Retirement: Are You Really Ready? CategoriesThis Boomer's Life

Retirement: Are You Really Ready?

A number of Baby Boomers are well into retirement age, while others are contemplating this major life change. Yet our generation seems to also resist age and rest and slowing down; we have invested so much in our careers. Many of us are working far beyond the “typical” retirement age, some because of finances, others because they don’t want to give up their life’s work.

The following excerpt from AARP poses some great questions to ask yourself as you ponder retirement. What will it really be like?

  1. What will you miss from work? The challenges? The social life? Your authority?
  2. Will not working make you feel less vital?
  3. Do you have an agenda for filling your time with your choice of hobbies and interests?
  4. What will make you rise each day as excited as you were at the high points of your career?
  5. What ambitions are you waiting to fulfill?
  6. How do you think your being around the home more will affect your partner, if you have one? What does your partner think?
  7. To what extent will be you in service to other family members once you retire? How do you feel about that?

From “Really Ready to Retire?” by Jeri Sedlar and Rick Miners, AARP Bulletin, September 2018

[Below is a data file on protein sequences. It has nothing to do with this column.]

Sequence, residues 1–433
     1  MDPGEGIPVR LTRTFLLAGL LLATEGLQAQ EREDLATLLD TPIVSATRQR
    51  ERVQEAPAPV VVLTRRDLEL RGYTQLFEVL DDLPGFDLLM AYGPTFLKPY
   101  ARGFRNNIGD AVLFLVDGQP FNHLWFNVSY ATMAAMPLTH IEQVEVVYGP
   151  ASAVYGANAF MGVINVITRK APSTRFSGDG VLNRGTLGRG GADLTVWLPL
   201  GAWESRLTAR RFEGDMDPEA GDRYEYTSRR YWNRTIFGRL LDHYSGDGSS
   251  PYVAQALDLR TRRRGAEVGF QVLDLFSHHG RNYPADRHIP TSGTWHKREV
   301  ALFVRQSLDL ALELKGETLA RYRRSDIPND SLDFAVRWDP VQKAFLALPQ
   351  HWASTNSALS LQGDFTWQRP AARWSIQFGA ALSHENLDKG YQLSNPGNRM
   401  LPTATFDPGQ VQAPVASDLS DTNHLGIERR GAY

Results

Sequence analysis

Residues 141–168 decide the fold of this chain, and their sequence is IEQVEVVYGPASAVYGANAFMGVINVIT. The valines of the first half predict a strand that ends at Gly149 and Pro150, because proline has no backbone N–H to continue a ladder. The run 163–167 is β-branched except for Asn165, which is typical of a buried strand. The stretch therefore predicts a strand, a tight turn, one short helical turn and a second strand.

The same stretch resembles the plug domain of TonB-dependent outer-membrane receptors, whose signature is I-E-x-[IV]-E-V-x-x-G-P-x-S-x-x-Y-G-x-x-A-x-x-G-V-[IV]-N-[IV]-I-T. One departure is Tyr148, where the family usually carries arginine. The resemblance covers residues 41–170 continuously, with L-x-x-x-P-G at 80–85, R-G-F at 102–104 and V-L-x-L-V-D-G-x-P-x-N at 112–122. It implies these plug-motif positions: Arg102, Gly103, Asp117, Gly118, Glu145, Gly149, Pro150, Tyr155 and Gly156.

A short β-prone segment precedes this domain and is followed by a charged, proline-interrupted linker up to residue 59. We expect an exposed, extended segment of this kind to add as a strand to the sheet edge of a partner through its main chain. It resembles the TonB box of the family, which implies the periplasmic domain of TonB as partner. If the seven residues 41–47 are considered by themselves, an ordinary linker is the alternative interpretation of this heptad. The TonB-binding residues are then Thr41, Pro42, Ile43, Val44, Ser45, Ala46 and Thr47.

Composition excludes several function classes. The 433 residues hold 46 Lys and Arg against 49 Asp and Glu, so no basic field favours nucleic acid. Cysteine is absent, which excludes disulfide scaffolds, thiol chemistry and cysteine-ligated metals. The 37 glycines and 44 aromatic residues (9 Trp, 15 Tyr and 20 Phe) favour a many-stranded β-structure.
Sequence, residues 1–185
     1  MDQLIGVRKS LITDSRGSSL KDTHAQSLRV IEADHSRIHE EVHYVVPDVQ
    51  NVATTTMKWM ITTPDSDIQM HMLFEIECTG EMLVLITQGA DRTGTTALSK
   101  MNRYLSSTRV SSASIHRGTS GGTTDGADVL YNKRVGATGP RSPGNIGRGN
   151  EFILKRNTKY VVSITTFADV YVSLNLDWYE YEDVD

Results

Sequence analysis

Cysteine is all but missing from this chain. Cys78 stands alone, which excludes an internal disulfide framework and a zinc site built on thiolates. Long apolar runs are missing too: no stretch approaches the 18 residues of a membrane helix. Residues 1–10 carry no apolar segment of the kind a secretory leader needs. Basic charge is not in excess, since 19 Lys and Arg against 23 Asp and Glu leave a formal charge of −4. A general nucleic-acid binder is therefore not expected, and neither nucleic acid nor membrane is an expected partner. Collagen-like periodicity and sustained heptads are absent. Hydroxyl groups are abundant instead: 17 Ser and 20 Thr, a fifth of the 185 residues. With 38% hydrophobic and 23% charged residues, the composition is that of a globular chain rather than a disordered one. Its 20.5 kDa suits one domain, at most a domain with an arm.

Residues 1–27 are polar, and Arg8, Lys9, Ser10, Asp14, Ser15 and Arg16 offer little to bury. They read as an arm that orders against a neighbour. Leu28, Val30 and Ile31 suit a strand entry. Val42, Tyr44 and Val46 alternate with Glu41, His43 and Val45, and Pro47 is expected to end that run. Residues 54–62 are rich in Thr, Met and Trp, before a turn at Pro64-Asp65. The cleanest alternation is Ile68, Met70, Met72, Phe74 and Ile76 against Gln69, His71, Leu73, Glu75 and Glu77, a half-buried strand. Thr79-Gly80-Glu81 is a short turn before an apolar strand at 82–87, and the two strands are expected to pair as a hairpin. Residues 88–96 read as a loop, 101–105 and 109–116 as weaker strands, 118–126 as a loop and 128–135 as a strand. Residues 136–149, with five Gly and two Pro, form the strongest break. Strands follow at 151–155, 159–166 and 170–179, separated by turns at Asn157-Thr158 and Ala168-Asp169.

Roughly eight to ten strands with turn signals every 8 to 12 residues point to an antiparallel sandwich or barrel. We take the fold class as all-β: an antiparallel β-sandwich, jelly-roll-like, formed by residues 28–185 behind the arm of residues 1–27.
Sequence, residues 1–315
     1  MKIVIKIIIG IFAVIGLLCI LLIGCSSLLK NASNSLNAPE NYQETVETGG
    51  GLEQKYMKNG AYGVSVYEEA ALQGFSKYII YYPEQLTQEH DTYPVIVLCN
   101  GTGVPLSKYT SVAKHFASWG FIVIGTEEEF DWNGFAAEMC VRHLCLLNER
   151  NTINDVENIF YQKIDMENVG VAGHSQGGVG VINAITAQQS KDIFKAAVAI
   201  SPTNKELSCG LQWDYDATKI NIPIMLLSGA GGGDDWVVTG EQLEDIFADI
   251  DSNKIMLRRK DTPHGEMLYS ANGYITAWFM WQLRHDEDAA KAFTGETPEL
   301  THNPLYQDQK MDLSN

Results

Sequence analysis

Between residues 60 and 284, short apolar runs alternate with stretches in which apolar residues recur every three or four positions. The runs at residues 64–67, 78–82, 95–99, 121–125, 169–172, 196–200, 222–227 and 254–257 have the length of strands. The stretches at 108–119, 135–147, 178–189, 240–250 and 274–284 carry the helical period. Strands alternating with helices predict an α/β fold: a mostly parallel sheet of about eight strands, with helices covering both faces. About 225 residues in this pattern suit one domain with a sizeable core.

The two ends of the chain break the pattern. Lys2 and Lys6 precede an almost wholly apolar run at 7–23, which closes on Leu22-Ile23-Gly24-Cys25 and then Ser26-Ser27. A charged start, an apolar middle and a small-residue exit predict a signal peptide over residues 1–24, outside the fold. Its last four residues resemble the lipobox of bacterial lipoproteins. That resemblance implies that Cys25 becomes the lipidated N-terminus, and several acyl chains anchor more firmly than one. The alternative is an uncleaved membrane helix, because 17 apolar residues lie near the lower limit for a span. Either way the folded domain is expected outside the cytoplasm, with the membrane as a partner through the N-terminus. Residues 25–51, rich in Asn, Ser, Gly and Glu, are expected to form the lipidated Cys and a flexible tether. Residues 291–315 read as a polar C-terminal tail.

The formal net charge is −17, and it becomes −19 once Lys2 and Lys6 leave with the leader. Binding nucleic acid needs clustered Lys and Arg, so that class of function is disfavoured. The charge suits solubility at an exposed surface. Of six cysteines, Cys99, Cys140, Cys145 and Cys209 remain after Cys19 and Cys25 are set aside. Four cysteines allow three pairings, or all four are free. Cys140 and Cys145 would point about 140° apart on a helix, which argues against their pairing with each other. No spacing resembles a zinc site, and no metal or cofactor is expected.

https://www.aarp.org/

https://www.aarp.org/bulletin

And check out a first-person perspective from our newly retired friend Julie Campbell, in our recent post “This is What Retirement Feels Like.”

 

Cherie R. Blazer
By

Cherie is a late bloomer Boomer, born at the tail end of the Boomer generation. She was playing with Barbies while her older sisters marched on Washington and fought for equal rights, but watched and learned. Now she is an empty nester with a whole new future to explore and share at www.BoomerConnections.com! As “Philosopher in Chief” Cherie merely wants to change the world with this blog: to encourage those of us in the midst of our “second act” to look at life with new eyes, open to a life filled with new beginnings rather than endings, and to apply all we have learned to a way of living that is more meaningful and profound. There is SO much to live for, up until the very end.

Leave a Comment

Your email address will not be published. Required fields are marked *